Tomorrow a report will be published that explores the impact of the compensation culture on the NHS and education. What the study found was that the damage caused by the litigation revolution cannot simply be measured in the language of hard cash. Yes, the financial costs of litigation are considerable: payouts by the NHS Litigation Authority have trebled over the past decade and the total figure stood at £911m in the financial year 2010-11.
But what the Centre for Policy Studies report also indicates is that the energy and time devoted to dealing with these claims exact a far higher social cost. One senior hospital administrator revealed that she can spend between three and 12 days a month dealing with compensation claims and the fallout from them. A head teacher reported that her nursery school often received letters from claimants’ lawyers looking for evidence of liability. She observed: “Every time we get one of these letters, it’s at least a week’s work.”
Advocates of Britain’s litigation revolution assert that claims-making encourages accountability and helps improve public services. Not true!
Rather, a litigious climate helps foster an aversion to responsibility. Practices aimed at avoiding litigation — such as complicated risk assessment — can damage the quality of care. The litigation revolution has led to the flourishing of a box-ticking culture where the need to watch your back often trumps the needs of patients or pupils.
Instead of increasing safety and accountability, today’s culture of litigation has resulted in significant costs to the quality of services, the experience of those who use them and the role of professionals. Its corrosive impact is particularly striking in the health sector.
Indeed this culture directly contradicts the ethos of care. When NHS staff are preoccupied trying to avoid complaints, their energies and attention are diverted from patient care. As one nurse confided: “I feel that I am not allowed to follow my instincts and respond to my patients’ needs.” Compassion, empathy and judgment, all integral to an ethos of care, are threatened by management practices introduced to avoid litigation.
The report has also found that the influence of the compensation culture has expanded significantly during the past 15 years. At the turn of the 21st century the main social cost of litigation in the public sector was borne by the NHS. During the past decade, education has also become a victim.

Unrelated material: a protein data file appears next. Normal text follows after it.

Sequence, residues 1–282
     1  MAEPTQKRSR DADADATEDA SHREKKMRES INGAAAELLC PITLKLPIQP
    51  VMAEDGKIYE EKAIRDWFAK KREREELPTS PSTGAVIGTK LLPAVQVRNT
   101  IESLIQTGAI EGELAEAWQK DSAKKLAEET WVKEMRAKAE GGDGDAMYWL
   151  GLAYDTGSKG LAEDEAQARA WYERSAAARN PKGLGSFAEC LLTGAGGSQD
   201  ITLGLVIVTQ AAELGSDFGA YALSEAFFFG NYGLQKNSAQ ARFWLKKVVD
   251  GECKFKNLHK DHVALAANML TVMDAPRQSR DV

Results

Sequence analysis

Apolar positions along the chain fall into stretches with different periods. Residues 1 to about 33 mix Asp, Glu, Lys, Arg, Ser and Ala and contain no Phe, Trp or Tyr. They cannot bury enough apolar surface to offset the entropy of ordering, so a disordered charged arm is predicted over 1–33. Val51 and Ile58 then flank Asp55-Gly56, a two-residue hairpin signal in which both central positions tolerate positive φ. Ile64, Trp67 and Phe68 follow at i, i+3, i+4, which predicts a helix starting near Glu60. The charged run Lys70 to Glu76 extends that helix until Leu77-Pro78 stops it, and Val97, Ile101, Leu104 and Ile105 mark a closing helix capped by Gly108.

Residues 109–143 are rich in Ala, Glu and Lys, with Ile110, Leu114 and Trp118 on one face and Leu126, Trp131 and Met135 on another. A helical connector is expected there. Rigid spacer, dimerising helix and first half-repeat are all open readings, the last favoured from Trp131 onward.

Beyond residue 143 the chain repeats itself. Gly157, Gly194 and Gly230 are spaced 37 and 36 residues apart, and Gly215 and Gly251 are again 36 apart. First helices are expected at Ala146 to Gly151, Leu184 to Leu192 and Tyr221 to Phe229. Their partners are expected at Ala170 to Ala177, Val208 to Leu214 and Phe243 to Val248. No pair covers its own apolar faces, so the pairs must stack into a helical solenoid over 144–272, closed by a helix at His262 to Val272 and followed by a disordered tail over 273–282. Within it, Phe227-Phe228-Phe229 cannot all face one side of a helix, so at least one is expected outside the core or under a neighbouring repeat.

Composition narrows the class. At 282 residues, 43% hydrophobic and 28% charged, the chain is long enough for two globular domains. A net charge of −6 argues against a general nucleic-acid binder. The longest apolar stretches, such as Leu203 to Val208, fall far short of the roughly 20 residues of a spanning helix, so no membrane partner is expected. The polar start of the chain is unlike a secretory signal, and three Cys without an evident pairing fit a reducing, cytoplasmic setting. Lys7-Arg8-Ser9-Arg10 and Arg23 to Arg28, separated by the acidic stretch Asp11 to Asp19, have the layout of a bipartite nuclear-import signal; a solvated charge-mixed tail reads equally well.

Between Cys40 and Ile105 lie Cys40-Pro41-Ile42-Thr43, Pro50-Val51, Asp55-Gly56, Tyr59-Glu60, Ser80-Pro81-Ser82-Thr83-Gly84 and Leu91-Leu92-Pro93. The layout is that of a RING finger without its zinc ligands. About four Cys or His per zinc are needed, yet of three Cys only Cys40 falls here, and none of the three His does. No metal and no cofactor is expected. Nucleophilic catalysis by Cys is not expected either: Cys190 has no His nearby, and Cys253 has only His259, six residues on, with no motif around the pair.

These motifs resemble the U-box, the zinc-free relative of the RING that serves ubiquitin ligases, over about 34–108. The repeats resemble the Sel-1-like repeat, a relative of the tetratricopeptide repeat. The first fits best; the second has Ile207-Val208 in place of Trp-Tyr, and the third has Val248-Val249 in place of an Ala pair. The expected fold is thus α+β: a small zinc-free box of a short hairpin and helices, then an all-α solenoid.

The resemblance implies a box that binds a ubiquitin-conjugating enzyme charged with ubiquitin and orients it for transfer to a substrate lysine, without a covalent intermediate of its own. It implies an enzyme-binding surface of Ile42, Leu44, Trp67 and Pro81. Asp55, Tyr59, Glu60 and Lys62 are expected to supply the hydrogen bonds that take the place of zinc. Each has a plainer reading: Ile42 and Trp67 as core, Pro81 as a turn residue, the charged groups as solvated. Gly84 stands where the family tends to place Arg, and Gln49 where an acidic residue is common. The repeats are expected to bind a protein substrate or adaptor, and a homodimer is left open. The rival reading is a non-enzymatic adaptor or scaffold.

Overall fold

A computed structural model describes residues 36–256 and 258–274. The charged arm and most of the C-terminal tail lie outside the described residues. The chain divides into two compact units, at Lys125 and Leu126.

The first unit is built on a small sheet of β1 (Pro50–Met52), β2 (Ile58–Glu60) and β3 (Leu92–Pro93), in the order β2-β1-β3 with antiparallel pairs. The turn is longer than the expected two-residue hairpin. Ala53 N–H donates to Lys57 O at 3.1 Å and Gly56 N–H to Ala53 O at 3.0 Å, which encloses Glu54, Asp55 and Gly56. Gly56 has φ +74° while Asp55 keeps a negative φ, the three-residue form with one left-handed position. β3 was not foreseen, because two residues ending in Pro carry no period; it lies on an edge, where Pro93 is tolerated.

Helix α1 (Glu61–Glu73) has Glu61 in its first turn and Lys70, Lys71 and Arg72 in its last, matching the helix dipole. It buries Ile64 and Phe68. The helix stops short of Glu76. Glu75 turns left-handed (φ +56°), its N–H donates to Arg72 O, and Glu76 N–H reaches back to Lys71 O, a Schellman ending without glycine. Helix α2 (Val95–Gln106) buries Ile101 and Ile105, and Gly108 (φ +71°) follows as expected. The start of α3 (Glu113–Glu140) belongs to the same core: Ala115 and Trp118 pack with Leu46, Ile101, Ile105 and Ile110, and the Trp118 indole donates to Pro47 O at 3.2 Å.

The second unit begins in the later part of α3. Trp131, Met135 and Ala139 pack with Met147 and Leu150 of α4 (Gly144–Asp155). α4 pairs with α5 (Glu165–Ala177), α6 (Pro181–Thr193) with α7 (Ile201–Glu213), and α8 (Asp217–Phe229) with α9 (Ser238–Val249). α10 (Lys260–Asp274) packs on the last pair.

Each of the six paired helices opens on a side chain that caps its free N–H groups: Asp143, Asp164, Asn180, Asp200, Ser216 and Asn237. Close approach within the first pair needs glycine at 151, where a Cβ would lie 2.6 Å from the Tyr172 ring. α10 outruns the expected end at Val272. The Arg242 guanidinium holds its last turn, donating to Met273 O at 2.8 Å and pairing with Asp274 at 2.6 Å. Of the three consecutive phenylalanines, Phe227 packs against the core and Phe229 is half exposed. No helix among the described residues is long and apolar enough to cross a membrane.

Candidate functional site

The fear of litigation has a significant impact on the way schools are run. It has fuelled a climate of mistrust between staff and parents, and has complicated the relationship between pupils and their teachers. Numerous heads and teachers report that they have altered the way they operate in order to avoid claims. When teachers become focused on avoiding potential complaints from parents, their professional judgments take second place. Invariably it is the quality of schooling that suffers and ultimately it is our children who pay the price.
It is tempting to blame ambulance-chasing lawyers for the normalisation of the litigation revolution in the public sector. Unfortunately the problem is far more profound. The culture of complaining and of claiming has become widespread among a significant section of the public. In the public sector the avoidance of complaints has become an end in itself.
The report points out that numerous people have been told by friends and professionals to seek redress through the courts because it is “the responsible thing to do”. One mother who refused to follow such a course of action after a playground injury to her child was criticised by other parents for not being a “responsible” citizen.
What shocked me during the course of this research was to discover that demanding recompense for accidents is now perceived not only as a commonsense way of gaining financial compensation, but as a way of holding public services to account. From this standpoint, suing is not seen as the selfish act of the “have-a-go” parent but a selfless, responsible act to stop other children from having similar accidents.
Far too many members of the public believe that getting a lawyer to write a letter is the first step to “getting something done”. That is why the first step towards reducing the social costs of litigation in the public sector is to raise awareness about its social consequences.
What is required is a public campaign that challenges the legitimacy of litigious attitudes. The restoration of the ethos of public service requires that the idea of accountability is separated from the pursuit of financial claims. After all, litigious payoffs punish the taxpayer and not those individuals who bear responsibility for harm.
The Social Cost of Litigation, by Professor Frank Furedi and Jennie Bristow of the University of Kent, is published tomorrow by the Centre for Policy Studies.